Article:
The DoJ Argues that the Intelligence Community Overrides the Judiciary

The DoJ Argues that the Intelligence Community Overrides the Judiciary by Clarice Feldman for American Thinker

At this point in time I have no regard for the probity or competence of the Intelligence Community and neither, apparently, does Judge Aileen Cannon, who earlier this week ordered the appointment of a Special Master to review those documents seized in the Mar-a-Lago raid, which it claims are classified. The Department of Justice appears to have been surprised that it has lost credibility and filed a motion seeking a stay on that portion of the order and a Notice of Appeal to the Eleventh Circuit indicating its intention to file an interlocutory appeal.

I don’t think the trial judge who issued a very well-considered order will grant the stay. I don’t think the Eleventh Circuit will, either. I don’t think the Eleventh Circuit will even grant an interlocutory appeal on this matter. I do think all of these pleadings reveal the weakness of the grounds for a search and seizure of materials at the home of Donald J. Trump, the overreach of the warrant, and the expansive search itself. Worse for the DoJ and FBI, I believe their actions amount to a claim that under no circumstances does the judiciary have a right to question anything the Intelligence committee does as long as it makes a claim of “national security.” Such a claim is scary and should be — and I think will be — denied.

Without going into all the fine points of what it means to say a trial court order is an interlocutory order, basically it means that the order is not a final one. In this case, it is merely an order covering discovery matters in a trial. As Seth Barrett Tillman tweeted, ”The government has not been forced to return any materials, and no privilege rulings have been made for which to take an appeal.” He also gives an example of such an interlocutory, unappealable action by a trial court: He notes that J. Messitte refused to decide Trump’s motion to dismiss the Emoluments Clauses case and sat on it for three years until after the election when he dismissed it as moot after Trump lost.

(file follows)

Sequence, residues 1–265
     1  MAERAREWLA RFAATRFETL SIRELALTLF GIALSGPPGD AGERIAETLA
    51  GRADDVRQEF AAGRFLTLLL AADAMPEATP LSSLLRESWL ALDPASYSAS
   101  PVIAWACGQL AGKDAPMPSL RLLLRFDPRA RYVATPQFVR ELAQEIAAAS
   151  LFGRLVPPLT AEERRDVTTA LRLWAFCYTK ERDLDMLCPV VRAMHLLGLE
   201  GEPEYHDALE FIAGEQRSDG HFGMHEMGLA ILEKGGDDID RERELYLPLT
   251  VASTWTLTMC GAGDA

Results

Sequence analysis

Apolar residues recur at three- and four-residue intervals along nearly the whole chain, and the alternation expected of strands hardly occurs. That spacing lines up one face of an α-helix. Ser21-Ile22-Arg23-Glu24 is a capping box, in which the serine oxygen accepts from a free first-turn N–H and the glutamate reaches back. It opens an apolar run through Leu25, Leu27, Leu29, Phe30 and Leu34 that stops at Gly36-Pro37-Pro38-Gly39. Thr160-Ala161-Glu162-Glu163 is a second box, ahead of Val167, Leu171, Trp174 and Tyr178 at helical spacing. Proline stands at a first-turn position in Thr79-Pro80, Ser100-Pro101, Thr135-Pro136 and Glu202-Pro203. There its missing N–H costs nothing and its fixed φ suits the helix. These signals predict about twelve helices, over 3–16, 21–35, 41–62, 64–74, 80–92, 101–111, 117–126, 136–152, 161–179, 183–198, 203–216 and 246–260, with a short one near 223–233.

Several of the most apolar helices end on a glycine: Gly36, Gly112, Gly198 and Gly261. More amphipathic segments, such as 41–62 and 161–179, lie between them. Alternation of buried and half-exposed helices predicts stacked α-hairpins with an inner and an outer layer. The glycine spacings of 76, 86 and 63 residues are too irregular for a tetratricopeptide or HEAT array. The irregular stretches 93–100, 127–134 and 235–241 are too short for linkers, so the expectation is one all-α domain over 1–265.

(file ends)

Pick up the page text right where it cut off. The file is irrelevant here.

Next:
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Why is the DoJ so desperate to prevent a Special Master, even one with security clearance, to view those documents the department asserts are classified? (The parties each have offered two candidates for the position, one of Trump’s candidates, in fact, sat on the FISA court. Is he less certain to do this job properly than the National Archivist?) There are several possible explanations for the desperation I can think of — none of which do credit to the attorney general. The first and most common supposition is that the documents which they claim must be kept even from the eyes of the Special Master relate to the FBI and DoJ’s role in fashioning and perpetrating the phony Russian Collusion fairytale. That would be damning indeed, and frankly, I see it as the most likely explanation: It is improper to classify documents simply to prevent embarrassment to persons or agencies. And anyone who does this is subject to sanctions. Obama’s Executive Order 13526 reads in relevant part:

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